This article originally appeared in Micro Decision in 1990. Back then, we thought of software bugs as annoying. But that was a pre-Internet era. Now we know bugs to be dangerous, as they are the material with which malware works.
Yet while software bugs today undermine our security, can we honestly claim that software is actually any less buggy? Probably yes. You don’t get nearly as many savage, fatal bugs requiring recourse to the Big Red Switch as we used to suffer in the 1980s. However, software has also grown hugely more complex, so flaws – and the vulnerabilities they engender – are found lurking in the corner cases and obscure parts of the code where only cyber-criminals and intelligence agencies can find them. Or something…
This piece ends rather abruptly, and there’s no [ENDS] at the end of the file, so I suspect that it’s been accidentally truncated at some point. Oh well, we all know how that feels…
Take a look at the software running on your PC. If it’s anything more than the simplest utility program then you can practically guarantee that there’s a bug lurking in it somewhere. You may never find it: the bug may require a complex, convoluted and highly unlikely combination of circumstances before it rears its ugly insectoid head. But it’s there somewhere. So how good is the software supplier at dealing with that?
The likelihood of running across some kind of ‘undocumented feature’ increases as software becomes more complex. Even packages that have been around for decades aren’t free of the problem. A working version of WordStar once fitted comfortably on a 360K floppy disk: WordStar 6, with all its font and peripheral support files, supplementary programs and added features, is distributed on a fistful of floppies and only the most perverse user would try to run it from anything but a hard disk.
Each new generation of the software introduces its own faults. And even maintenance upgrades, designed to eradicate known pests, can bring new ones with them.
Naturally, software publishers do their utmost to cleanse their products of faults, using debugging tools and extensive alpha and beta testing. Yet they are under commercial pressure to start seeing a return on their investment and that means getting the product out on the street.
When a company decides to rush a buggy program into users’ hands, everyone suffers. It’s the users themselves who are stuck at the sharp end of the problem: having spent significant amounts of money on the software they find themselves committing valuable time, effort and further funds in a futile effort to install and use software that isn’t up to the job. Even worse, the product may work for a while before crashing catastrophically.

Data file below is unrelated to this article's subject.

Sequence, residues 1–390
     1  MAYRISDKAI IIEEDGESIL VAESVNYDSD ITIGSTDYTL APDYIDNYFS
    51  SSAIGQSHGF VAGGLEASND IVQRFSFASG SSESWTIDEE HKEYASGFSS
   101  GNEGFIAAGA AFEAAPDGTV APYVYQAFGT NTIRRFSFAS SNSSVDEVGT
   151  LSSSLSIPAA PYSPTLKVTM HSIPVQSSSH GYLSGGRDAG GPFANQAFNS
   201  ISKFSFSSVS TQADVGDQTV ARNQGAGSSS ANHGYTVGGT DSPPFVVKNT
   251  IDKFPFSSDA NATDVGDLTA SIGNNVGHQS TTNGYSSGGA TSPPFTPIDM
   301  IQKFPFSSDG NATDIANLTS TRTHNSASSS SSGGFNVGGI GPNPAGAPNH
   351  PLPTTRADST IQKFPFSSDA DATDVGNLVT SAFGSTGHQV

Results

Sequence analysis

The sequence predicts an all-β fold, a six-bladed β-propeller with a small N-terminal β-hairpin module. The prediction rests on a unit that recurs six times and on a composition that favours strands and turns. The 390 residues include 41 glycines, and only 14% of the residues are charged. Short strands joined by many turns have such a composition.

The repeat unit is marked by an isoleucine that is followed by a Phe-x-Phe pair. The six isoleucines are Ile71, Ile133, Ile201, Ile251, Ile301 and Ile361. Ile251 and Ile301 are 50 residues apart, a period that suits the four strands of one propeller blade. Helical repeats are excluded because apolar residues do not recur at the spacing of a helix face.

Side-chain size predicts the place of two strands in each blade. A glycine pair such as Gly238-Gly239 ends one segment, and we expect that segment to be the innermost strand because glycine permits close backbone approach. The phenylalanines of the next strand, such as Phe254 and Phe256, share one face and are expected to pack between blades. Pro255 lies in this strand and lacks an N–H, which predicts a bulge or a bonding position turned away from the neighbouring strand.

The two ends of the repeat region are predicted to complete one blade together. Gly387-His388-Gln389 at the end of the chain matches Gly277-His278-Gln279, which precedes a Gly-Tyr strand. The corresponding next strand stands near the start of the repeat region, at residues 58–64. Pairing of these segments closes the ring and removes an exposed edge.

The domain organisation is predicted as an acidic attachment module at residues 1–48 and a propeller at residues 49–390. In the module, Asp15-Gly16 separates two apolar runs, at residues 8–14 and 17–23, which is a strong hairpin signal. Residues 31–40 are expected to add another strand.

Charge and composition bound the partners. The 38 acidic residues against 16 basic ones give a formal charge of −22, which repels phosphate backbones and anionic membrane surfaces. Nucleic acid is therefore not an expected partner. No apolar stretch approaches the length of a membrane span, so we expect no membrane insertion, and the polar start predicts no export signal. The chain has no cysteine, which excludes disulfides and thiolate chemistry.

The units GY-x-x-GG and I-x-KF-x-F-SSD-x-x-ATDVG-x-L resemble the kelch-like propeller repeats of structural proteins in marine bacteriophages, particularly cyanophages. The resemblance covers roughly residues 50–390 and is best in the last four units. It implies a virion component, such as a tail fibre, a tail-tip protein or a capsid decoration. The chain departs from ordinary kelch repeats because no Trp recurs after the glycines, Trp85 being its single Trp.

Dealers and distributors suffer because they find their resources tied up in efforts to keep customers happy. Indeed, dealers often bear the brunt of software support. Customers quite reasonably expect the product they’ve bought to do the advertised job and if it fails logic and law suggest that one’s first port of call to make a complaint is the shop where you purchased the goods. And yet the dealer may have no clearer idea of how to solve the problem than the customer.
Finally, the software manufacturer suffers. Word soon gets around when a program is fatally flawed. Sales drop off. Potential clients look elsewhere, so even if you do kill off the bugs and arrive at a perfect product it may be too late. In any case, your reputation is forever sullied.
Ashton-Tate has learned this the hard way with dBase IV. ‘It definitely came out too soon,’ says Joan Chesney, technical product manager for dBase products at Ashton-Tate’s dBase Technical Support Group. Her group bore the brunt of user dissatisfaction as the world began to discover that the new version they’d waited so long for had serious problems. And was up to her group to find ways of helping struggling users overcome the problems.
‘Obviously, in Tech Support we realised quite quickly that there was a problem,’ she says. ‘First we put people on researching the problem, because to begin with it was quite difficult to get the clarity. We started producing text files quoting what the problems were we found and how we could get around them. And once we’d started that process we delivered an update to those text files about once a month. We actually put them on disk in the end and distributed them – there were eight different versions of that support disk. We would distribute them to places like the user group, who would put it on their bulletin board, we distributed to dealers and end users who rang up with problems.’
Tech Support also provided software patches. ‘There are different templates within dBase IV for different functions in the control centre,’ explains Chesney. ‘We produced several templates for curing problems within dBase IV and those were distributed on the support disk as well.’
In addition to measures designed specifically to overcome problems with dBase IV, Ashton-Tate has regular support facilities. It distributes the Baseline newsletter to registered customers once a quarter, and this often contains question and answer sections that provide solutions to difficulties. Ashton-Tate also provides hotline services. Letters and faxes are answered free: the telephone hotline is free during the 90-day warranty period and this may be extended by paying a fee.